In 1600, however, the role of the commercial corporation was to grow drastically, and play a central part in Queen Elizabeth’s decision to turn Britain into a naval power and challenge Spain for global economic dominance. The result was global warfare, as the Spanish, and then the Dutch and French, jumped into the mercantile game and built huge navies to fight each other for control of colonies and trade routes. And at the center of these fights were three commercial corporations, the British East India Company, the Dutch East India Company, and the Hudson Bay Company.

British East India Company

England entered the commercial wars first.

One of the major difficulties facing overseas traders was the inherent risk of the ocean voyages. The vast majority of trading ships that traveled to China or the Indies did not return—the victims of storms, accidents or pirates. The merchants who undertook the voyage, most often formed a small company for each voyage, and then either struck it rich or, more often, lost everything. This pattern of business—high risk with a small chance of a fabulous return—enticed the merchants to seek ways of spreading their risk over multiple voyages. They therefore began to form larger companies with enough resources to undertake a number of voyages, and to get themselves through the failures until they struck it rich with a success.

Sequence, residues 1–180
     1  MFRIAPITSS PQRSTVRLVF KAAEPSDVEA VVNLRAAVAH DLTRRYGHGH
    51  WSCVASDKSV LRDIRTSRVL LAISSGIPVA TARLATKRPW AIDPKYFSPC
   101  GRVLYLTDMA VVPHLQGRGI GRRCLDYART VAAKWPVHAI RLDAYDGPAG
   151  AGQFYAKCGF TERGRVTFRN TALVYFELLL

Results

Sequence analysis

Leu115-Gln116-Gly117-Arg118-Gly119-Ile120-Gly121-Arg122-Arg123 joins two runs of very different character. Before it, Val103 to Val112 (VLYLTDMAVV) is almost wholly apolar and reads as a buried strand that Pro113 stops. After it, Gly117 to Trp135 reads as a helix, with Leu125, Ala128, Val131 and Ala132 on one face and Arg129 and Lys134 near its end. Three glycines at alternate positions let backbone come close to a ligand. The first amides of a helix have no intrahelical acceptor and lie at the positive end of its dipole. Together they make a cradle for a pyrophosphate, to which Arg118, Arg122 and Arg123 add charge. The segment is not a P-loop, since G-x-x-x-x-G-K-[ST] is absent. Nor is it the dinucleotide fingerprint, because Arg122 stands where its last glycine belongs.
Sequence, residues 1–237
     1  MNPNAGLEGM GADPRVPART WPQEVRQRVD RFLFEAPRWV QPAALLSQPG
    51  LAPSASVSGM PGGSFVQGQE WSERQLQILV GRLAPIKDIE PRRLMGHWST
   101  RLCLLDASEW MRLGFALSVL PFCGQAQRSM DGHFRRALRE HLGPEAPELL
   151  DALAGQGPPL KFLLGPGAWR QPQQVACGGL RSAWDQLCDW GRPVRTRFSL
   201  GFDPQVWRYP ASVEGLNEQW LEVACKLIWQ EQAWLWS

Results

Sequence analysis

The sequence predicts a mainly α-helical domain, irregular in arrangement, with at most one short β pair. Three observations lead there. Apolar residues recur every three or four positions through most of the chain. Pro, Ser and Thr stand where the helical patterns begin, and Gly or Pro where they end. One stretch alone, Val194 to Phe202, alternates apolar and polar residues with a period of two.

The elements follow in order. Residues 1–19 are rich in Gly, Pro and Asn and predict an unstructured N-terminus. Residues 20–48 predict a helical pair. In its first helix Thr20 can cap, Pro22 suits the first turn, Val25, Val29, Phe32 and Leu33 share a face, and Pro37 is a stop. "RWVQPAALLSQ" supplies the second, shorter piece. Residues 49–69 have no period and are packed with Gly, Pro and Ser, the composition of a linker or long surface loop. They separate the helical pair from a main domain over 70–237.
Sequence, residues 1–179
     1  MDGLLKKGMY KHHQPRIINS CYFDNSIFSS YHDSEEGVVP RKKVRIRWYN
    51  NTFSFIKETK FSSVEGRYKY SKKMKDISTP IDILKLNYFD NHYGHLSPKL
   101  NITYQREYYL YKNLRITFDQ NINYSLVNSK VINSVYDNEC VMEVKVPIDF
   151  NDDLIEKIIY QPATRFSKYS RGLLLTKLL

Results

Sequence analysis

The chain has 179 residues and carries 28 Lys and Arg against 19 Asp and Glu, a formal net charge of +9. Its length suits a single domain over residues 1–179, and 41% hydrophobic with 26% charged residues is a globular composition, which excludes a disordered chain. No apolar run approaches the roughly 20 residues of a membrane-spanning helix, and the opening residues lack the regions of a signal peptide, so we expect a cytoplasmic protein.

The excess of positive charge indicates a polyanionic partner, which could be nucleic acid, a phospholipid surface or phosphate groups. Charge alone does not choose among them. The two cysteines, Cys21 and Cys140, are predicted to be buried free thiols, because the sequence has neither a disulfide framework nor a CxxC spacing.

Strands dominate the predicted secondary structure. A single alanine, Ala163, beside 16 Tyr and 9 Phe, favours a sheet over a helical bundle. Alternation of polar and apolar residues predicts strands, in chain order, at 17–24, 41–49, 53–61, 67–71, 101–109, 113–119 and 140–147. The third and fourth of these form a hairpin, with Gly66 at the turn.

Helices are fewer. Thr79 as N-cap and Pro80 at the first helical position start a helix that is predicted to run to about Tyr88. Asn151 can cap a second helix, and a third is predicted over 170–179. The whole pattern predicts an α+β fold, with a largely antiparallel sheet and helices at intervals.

Realizing that their risk would be considerably lessened if they had exclusive rights to all the trade from any specific geographic location, these companies began lobbying the Queen for a charter to grant their corporation complete monopoly of trade over particular areas.

In concert with her Trade and Navigation Acts, which strengthened the Royal Navy, Queen Elizabeth therefore granted a Royal Charter on December 31, 1600, to the British East India Company, granting it a 15-year monopoly on the lucrative commercial trade in spices, silk, and luxury goods flowing from the East Indies. Officially known as the “Company of Merchants of London Trading Into the East Indies”, it soon became known as simply The Company. Not only was it the first significant corporation in history; it quickly became the largest, richest and most powerful group of men on the planet, reaching heights of wealth, power and influence that even the 21st century supra-nationals have not yet matched.

Dutch traders had already established themselves in the East Indies by this time, and the British initially found themselves at a disadvantage. But a Company trading post that dealt mostly with pepper was set up in Java and became a commercial success.